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    Quote Originally Posted by FredFredrickson View Post
    ............ Who thinks Logitech should resurrect the brand and start selling squeezeboxen again?
    This has been discussed in here for years, over and over. It will never happen. It will never be resurrected, nor sold, nor licensed to a third party, etc..
    It's dead as a viable consumer product offering.

  5. #5
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    I can live with the current status quo as far as Logitech gives Michael enough room to do his thing.
    SqueezeBoxes: 2x SB2 (Living room and study), 1x Radio (Kitchen), 1x Boom (Dining room), 1x piCorePlayer (jacuzzi), 1x piCorePlayer (Garden) 1x OSMC + Squeezelite (Movie room), 1x Touch (Bedroom)
    Server: LMS on Pi3 7.9.1. on PcP 3.21
    Network: AVM Fritzbox, D-Link Smart Switch 24p, 3x Ubiquity

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    Quote Originally Posted by toby10 View Post
    It's dead as a viable consumer product offering.
    Well, I am not sure. I don't know much these products, but SONOS is sold everywhere and Bose have also a similar (?) product line.
    Anyway, people say they're very easy to use, which is not the case with LMS.
    LMS is too complicated for old people and also for most of the young people. They have their phone, a bluetooth connection and a speaker and that's enough.

    LMS would have to be easier to use if logitech wanted to start selling it again. The problem also IMO is that logitech wouldn't be satisfied with a few thousands sales. when they sell a product, they want to sell it by millions (that's only my feeling), like the boom speakers and other products.

    I'm also quite happy with the current status quo, because I'm very happy with what I have and Logitech is letting us "playing with our toys".
    I see two big clouds with that status quo : first, I love the old logitech squeeze products, they have a very good design, wonderful ergonomics and of course terrific sound for the price. I recently bought a new (!) squeeze radio on amazon market place and would buy a touch or a transporter if I could. I didn't found similar products on the market that could work as nicely with LMS. Fortunately all my squeezebox devices are still working!
    Second problem is that LMS rely only on Michael H and the main plug-ins on a few developers. Some developers apparently have "left the boat", as Triode, and some doesn't give news for a moment (Erland, some others ?). If they all leave, that will really be difficult for us to stay with LMS.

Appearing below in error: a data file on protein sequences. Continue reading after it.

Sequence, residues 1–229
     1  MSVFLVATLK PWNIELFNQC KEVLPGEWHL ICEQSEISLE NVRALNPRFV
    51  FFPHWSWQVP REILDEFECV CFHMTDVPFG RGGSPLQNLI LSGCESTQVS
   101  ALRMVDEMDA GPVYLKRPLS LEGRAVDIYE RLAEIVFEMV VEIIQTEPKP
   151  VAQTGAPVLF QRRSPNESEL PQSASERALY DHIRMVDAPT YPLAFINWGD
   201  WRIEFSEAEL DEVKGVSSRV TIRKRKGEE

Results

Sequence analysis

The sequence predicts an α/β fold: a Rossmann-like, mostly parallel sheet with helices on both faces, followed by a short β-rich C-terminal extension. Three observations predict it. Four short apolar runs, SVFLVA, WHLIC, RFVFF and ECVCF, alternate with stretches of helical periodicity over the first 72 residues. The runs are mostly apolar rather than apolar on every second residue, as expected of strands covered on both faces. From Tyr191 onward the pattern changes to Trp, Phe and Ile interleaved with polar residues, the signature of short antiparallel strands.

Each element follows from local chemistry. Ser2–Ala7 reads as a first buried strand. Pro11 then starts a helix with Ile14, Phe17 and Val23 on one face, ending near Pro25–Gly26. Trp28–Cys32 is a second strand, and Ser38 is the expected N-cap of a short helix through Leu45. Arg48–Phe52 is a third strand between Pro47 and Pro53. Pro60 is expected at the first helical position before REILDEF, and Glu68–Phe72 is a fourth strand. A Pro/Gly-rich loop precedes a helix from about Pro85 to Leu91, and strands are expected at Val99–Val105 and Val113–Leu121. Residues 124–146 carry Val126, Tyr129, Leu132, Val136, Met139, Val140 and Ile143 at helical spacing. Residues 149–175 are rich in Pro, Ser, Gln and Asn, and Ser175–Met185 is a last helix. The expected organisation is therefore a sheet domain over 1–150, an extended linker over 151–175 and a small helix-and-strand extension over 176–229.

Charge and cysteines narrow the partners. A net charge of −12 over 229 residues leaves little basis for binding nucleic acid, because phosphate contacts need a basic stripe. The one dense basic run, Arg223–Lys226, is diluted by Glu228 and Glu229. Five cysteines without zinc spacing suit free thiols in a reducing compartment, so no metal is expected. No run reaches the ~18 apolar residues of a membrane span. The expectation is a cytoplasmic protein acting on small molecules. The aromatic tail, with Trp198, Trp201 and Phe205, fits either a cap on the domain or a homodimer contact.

I think Logitech could, and maybe should, launch another product line as squeezeboxes devices, but I don't think they will, unless they change their marketing strategy, which is to sell small devices, easy to use, not too expensive, for the young.
    LMS 7.9.0
    on Linux Mageia 5 and RPI 3
    1 SB3, 2 radio, 1 touch
    Plugins : Trackstat, Smartmix, MusicIP, ...

  7. #7
    Babelfish's Best Boy mherger's Avatar
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    Logitech should resurrect squeezebox

    > I think Logitech could, and maybe should, launch another product line as
    > squeezeboxes devices, but I don't think they will, unless they change
    > their marketing strategy, which is to sell small devices, easy to use,
    > not too expensive, for the young.


    Like... the UE Boom family of products?...

    IMHO the LMS based product is becoming more and more of a niche product.
    Who does still curate his own music collection? We do, yes. But who
    else? The mass market future is in the cloud, like it or not. As you
    said: easy to use. And connected.

    --

    Michael

  8. #8
    Senior Member toby10's Avatar
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    Quote Originally Posted by Antoniop View Post
    Well, I am not sure. I don't know much these products, but SONOS is sold everywhere and Bose have also a similar (?) product line.
    Anyway, people say they're very easy to use, which is not the case with LMS.
    LMS is too complicated for old people and also for most of the young people. They have their phone, a bluetooth connection and a speaker and that's enough.

    LMS would have to be easier to use if logitech wanted to start selling it again. The problem also IMO is that logitech wouldn't be satisfied with a few thousands sales. when they sell a product, they want to sell it by millions (that's only my feeling), like the boom speakers and other products.